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Western Press Review: Commentary Debates -- Who Won Libya?

Prague, 23 December 2003 (RFE/RL) -- Commentary in the Western press today centers on the recent announcement by Libyan leader Moamar Gadhafi that his country was voluntarily giving up its programs to acquire weapons of mass destruction, and what may have caused him to take the surprise step.


"The New York Times" columnist William Safire coins today what may be the phrase of the year in international affairs. He calls the recent actions of Libyan dictator Moammar Gadhafi "preemptive surrender."

Safire files a claim for the credit for what he calls Gadhafi's "epiphany" on behalf of U.S. President George W. Bush. The writer says that Gadhafi "was transformed into a pussycat by the force of American arms in stopping the spread of mass-destruction weaponry."

The columnist continues: "Why did Gadhafi have his spy chief, Musa Kussa, approach Prime Minister Tony Blair of Britain -- and not France, Germany or the milquetoast United Nations, to get off President George W. Bush's short list of rogue nations? The reason: Britain was America's primary ally in the war against Saddam and was the bridge to Washington. This shows that it pays to be the staunch friend of the United States in extending freedom and does not increase a nation's strategic importance to be America's political adversary."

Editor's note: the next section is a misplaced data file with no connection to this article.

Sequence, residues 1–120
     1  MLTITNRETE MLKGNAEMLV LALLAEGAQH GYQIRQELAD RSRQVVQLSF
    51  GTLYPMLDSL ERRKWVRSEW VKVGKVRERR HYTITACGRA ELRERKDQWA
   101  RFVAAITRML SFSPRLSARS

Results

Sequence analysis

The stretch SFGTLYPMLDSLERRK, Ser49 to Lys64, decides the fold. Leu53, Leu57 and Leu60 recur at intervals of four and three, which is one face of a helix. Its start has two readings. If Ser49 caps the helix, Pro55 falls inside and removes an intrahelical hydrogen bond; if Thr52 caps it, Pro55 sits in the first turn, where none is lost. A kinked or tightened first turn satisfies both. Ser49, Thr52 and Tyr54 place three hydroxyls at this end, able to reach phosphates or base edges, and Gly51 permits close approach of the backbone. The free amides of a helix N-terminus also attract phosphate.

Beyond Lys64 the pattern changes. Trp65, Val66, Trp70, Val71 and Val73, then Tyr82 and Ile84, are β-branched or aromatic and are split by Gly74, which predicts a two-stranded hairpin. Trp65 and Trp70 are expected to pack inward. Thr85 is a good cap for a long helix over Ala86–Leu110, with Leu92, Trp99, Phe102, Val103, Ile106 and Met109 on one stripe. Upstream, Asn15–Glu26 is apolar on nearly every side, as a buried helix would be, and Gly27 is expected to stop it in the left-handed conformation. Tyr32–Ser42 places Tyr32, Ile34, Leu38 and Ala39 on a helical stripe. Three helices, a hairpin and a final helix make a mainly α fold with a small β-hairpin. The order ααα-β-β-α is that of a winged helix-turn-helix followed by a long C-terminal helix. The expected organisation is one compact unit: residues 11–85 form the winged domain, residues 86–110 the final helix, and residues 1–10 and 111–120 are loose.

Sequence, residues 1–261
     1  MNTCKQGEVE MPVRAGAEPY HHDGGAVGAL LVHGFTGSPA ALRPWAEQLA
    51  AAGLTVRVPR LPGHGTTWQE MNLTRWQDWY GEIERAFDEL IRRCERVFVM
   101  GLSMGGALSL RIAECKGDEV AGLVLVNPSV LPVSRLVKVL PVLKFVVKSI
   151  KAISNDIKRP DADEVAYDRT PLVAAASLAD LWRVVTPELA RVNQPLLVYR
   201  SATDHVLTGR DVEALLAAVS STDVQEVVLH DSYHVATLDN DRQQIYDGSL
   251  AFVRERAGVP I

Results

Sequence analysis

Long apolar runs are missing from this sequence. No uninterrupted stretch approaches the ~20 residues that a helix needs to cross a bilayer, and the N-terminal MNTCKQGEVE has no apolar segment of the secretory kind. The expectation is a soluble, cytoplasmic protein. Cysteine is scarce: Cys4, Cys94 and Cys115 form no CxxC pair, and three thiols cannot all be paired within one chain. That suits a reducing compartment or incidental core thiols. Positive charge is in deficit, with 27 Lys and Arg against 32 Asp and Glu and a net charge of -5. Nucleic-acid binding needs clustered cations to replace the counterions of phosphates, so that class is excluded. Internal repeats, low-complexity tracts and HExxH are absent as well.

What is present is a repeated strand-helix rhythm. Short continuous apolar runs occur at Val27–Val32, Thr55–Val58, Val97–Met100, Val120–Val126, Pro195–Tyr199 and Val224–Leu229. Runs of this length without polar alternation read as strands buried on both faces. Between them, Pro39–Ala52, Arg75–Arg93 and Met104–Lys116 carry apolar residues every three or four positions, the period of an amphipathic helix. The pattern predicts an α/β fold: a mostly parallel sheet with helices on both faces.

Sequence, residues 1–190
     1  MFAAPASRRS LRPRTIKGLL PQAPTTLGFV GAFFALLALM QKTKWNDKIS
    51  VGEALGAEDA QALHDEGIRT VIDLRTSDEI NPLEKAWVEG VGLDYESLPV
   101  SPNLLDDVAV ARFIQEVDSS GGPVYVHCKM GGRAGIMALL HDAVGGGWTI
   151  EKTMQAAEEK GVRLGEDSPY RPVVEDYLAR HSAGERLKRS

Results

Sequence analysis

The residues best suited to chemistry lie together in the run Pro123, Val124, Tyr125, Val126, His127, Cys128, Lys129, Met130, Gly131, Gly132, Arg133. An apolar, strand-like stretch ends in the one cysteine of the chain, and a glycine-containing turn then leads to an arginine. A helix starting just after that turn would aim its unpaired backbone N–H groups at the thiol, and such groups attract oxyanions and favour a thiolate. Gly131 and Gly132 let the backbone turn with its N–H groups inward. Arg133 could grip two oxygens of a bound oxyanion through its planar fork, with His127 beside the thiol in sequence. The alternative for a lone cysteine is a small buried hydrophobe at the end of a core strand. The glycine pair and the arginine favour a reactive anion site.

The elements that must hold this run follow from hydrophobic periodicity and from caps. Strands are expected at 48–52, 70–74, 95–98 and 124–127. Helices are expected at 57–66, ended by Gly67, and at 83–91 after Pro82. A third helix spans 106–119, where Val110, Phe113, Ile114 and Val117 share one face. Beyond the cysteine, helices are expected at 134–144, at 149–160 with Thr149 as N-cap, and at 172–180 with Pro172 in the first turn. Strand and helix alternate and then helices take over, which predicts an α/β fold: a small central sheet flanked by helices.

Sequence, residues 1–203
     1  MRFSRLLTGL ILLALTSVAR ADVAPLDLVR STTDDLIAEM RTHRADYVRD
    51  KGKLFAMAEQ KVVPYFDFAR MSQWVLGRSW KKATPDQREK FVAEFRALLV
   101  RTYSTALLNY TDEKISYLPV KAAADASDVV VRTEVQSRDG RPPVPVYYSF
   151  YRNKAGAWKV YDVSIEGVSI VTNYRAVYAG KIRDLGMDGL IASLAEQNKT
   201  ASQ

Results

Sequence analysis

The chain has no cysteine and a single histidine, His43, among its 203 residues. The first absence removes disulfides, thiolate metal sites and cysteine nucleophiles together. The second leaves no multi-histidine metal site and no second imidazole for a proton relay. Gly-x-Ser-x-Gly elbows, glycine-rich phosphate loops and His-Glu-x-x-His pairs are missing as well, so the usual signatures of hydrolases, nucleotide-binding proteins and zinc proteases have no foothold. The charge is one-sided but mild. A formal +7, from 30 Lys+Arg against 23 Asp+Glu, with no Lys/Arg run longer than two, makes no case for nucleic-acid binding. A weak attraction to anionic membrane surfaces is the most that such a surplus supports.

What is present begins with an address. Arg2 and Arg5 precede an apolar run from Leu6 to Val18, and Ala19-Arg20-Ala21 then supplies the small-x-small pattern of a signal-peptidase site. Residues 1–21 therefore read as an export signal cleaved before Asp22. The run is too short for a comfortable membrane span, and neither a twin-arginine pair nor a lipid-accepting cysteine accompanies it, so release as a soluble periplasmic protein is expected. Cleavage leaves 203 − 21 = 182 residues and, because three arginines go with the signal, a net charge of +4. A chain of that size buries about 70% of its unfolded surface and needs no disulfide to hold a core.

In Britain's "Financial Times," commentator Philip Stevens writes that praise for taming Gadhafi can be spread farther and more evenly. He says: "Of course, the arguments have already started about whether Colonel Gadhafi's volte-face was a response to the show of U.S. military might in Iraq or to the patient diplomatic engagement of the British government. The truth is probably that there was something of both. Americans have still to learn the value of incentives alongside ultimatums; Europeans know that sometimes it helps to wield a stick alongside the carrot. In any event, [British Prime Minister Tony] Blair can claim credit on both ledgers."


"The Irish Times" concludes in an editorial that Gadhafi's motives must be as complex as are the man himself and the situation. The newspaper says: "Libya's decision to renounce its plans to build weapons of mass destruction has been widely and deservedly welcomed. But interpreting why it came about is becoming as controversial as the Anglo-American war against Iraq."

The editorial goes on: "Timing, tactics and motives feed into the argument. United Nations sanctions against Libya, in place since the 1980s after its adventures with state terrorism -- including large arms shipments to the IRA and the Lockerbie bombing -- were much more effective than Ronald Reagan's punitive raid of 1986. Colonel Gadhafi's decision to settle the Lockerbie affair at great cost led to their being lifted by the UN last year. Following secret talks with U.S. and British representatives these countries are to follow suit. This will allow Libya to rejoin the international oil markets and attract investment and tourism. A clear motive for Colonel Gadhafi has been to preserve his own regime from internal dissent and destabilization."